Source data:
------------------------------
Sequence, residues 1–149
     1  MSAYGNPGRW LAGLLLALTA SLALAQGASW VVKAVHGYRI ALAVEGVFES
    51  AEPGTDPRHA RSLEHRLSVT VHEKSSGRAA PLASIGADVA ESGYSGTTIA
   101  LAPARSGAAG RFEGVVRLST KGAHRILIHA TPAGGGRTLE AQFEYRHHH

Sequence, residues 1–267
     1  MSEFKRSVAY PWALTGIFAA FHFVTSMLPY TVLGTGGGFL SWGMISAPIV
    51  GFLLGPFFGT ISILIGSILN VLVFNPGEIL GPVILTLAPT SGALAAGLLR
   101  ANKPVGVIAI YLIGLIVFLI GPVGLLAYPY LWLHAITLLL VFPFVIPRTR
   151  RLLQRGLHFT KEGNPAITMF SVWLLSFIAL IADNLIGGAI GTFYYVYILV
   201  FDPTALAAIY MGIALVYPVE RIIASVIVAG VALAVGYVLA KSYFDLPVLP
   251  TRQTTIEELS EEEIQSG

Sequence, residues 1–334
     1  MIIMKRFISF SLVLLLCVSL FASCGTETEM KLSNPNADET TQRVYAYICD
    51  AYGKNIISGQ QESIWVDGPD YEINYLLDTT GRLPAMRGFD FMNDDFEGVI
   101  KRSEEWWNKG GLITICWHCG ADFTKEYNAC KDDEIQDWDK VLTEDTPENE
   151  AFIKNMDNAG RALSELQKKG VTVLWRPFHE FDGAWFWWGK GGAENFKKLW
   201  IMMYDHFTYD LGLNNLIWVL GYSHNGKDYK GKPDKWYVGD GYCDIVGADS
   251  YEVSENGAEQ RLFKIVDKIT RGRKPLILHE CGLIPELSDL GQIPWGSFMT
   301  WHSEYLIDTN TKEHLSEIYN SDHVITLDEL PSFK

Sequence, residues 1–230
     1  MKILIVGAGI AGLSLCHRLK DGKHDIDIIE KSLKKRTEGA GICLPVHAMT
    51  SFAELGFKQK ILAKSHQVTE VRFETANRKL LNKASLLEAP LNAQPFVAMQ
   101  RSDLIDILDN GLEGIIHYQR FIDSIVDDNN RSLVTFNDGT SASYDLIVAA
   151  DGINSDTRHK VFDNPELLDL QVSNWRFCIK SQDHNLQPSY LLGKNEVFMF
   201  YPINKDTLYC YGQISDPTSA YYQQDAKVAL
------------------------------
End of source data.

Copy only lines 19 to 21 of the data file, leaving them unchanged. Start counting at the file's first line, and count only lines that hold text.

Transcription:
   301  WHSEYLIDTN TKEHLSEIYN SDHVITLDEL PSFK

Sequence, residues 1–230
     1  MKILIVGAGI AGLSLCHRLK DGKHDIDIIE KSLKKRTEGA GICLPVHAMT